Years 1932-1933, which was passed with

great diffi culty in 2006, the word “communist”

was removed from the section

discussing responsibility for the Great

Famine and changed to “totalitarian

regime”. Without analysing the consequences

of Joseph Stalin’s policies which

governed the Ukrainians from the 1920s

to the early 1950s, it is impossible to close

this chapter of Ukrainian history.

And this is what impedes the complete

understanding of the problems of modern

Ukraine. It is diffi cult to understand the

careers of such people as Pavlo Lazarenko

(prime minister at the time of Leonid

Kuchma), Petro Symonenko (leader of

the Communist Party of Ukraine) and

Volodymyr Lytvyn (now chairman of

Ukraine’s Parliament). Th ese are the

people who have formed the country’s

political elite.

Th ey all came from peasant families.

Th ose who survived the fi rst Great Famine,

then the Famine of 1946, also survived

life on collective farms, which did

not diff er much from the Gulag. To survive

on collective farms, people had to

learn to cheat and steal from the fi elds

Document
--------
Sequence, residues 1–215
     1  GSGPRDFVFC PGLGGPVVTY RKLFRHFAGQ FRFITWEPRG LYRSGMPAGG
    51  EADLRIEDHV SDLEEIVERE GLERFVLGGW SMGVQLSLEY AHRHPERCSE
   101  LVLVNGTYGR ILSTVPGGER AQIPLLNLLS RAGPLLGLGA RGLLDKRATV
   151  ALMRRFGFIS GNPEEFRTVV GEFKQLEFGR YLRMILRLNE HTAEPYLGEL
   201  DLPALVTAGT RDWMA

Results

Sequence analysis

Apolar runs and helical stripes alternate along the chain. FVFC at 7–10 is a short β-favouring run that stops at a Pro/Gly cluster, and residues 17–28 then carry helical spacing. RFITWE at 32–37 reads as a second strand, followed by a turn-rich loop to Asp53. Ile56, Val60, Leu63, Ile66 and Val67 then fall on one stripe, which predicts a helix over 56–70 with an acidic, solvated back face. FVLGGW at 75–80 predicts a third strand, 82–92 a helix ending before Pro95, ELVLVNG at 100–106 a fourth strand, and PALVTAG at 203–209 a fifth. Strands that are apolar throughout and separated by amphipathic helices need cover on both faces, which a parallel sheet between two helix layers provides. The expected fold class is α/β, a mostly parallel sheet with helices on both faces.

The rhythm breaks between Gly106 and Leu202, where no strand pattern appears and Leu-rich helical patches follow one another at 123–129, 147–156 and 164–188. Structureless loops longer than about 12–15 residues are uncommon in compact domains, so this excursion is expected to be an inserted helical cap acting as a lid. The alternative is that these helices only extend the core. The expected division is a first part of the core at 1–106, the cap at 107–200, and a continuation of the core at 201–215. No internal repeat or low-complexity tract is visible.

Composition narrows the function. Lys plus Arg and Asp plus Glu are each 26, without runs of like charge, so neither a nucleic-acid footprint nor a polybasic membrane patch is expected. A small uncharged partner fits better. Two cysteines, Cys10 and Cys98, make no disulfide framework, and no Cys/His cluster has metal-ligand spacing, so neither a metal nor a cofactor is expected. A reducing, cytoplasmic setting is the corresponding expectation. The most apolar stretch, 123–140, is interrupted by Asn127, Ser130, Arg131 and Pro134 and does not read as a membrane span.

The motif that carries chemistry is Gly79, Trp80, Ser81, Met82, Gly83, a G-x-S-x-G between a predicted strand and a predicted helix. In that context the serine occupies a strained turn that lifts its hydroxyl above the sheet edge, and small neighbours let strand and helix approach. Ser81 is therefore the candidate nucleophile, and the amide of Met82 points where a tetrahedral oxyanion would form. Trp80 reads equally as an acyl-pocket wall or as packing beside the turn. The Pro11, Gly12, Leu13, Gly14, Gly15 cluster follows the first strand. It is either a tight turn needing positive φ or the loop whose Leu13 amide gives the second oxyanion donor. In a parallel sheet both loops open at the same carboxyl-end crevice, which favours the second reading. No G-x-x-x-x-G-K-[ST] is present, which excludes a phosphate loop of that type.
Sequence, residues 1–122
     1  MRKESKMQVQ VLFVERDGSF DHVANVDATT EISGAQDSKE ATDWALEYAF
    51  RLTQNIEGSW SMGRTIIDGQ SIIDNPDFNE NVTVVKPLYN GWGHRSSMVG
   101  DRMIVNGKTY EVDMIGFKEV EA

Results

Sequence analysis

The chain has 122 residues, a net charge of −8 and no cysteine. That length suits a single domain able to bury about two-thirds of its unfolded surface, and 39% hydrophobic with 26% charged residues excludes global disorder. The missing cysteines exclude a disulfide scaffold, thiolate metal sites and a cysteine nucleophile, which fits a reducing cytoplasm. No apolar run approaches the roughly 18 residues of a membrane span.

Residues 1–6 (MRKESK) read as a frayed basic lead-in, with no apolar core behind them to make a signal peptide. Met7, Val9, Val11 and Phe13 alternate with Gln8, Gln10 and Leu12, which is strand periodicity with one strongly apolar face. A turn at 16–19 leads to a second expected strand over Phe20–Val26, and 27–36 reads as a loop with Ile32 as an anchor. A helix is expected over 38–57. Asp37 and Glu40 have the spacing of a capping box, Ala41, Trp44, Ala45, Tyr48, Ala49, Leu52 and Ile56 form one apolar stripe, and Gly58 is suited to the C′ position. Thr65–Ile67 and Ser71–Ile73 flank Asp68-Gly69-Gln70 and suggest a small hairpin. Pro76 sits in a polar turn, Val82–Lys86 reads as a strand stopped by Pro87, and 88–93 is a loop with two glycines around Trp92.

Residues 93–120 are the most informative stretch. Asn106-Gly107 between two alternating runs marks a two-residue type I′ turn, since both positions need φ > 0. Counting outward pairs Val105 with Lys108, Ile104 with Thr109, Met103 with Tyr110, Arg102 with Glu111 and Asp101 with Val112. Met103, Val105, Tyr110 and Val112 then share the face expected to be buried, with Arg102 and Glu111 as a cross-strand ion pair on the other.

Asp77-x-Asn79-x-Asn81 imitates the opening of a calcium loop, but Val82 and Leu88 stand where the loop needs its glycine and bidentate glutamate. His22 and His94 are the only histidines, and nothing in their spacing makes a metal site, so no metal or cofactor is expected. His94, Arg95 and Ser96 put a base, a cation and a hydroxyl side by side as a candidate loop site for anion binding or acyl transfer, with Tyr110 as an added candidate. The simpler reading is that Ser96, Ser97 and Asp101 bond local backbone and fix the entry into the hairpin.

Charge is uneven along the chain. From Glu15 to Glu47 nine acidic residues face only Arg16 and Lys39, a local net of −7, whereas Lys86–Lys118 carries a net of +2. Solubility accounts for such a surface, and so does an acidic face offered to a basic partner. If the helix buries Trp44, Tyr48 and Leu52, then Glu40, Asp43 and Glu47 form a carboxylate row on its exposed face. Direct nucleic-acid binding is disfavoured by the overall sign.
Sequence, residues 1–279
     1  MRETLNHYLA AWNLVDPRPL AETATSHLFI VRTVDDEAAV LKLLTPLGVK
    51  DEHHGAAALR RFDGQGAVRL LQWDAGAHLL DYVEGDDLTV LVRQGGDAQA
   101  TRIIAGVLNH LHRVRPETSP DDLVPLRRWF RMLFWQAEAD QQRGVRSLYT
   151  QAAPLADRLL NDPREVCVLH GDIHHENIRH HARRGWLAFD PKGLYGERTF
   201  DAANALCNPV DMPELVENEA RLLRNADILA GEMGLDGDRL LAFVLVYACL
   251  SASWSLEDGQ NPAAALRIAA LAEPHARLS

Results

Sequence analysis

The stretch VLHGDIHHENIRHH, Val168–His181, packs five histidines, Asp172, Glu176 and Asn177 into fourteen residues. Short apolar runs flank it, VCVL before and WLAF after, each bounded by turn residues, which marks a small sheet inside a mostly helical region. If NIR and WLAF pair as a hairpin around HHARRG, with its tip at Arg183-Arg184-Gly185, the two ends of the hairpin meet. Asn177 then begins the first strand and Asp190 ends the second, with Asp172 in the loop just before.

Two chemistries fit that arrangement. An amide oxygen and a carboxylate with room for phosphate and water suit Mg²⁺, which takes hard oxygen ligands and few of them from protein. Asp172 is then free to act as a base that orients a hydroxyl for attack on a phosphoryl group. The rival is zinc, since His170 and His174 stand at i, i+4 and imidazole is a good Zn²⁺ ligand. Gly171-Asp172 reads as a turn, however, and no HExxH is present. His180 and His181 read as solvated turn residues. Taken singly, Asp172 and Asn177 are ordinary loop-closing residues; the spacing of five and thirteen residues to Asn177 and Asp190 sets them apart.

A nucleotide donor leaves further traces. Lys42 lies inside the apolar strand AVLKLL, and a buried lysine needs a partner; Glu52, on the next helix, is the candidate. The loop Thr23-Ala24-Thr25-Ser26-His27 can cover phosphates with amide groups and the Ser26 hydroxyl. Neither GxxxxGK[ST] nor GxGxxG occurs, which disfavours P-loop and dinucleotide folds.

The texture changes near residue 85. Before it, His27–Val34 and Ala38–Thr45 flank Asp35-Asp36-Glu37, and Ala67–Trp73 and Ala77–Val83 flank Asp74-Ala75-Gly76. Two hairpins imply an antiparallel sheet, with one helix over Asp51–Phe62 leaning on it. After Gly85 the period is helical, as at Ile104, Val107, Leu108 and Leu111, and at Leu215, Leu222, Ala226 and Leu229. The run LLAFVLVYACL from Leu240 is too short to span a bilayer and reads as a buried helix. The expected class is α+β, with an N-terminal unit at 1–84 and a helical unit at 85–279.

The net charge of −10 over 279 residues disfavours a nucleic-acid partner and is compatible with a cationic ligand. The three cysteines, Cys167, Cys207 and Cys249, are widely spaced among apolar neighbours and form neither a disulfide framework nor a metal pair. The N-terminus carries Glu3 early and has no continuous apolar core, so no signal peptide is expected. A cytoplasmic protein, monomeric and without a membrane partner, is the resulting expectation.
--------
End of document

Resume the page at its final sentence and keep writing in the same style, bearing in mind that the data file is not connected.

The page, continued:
by farming at night. Until 1956, Ukrainian

peasants could not leave the country

without special permission. When Nikita

Khrushchev came to power, they were fi -

nally given permission to leave. As a result,

they moved to the cities en masse, but

their moral fi bre had already been broken.

Lazarenko, Symonenko and Lytvyn,

amongst the many others who made up

the political elite, were the children of

that broken generation. Th is is only one

example of the consequences of Stalin’s

policy, a topic that has not appeared in

the offi cial discourse in Ukraine after 1991.

This discourse was also deprived of

some facts which you brought out movingly

in your book.

Th e Great Famine was completely

lost to memory during the life of three

generations of Ukrainians. Until the end

of the 1980s, it was forbidden to even

mention it. Even during my childhood

in the Soviet Union, people were sent to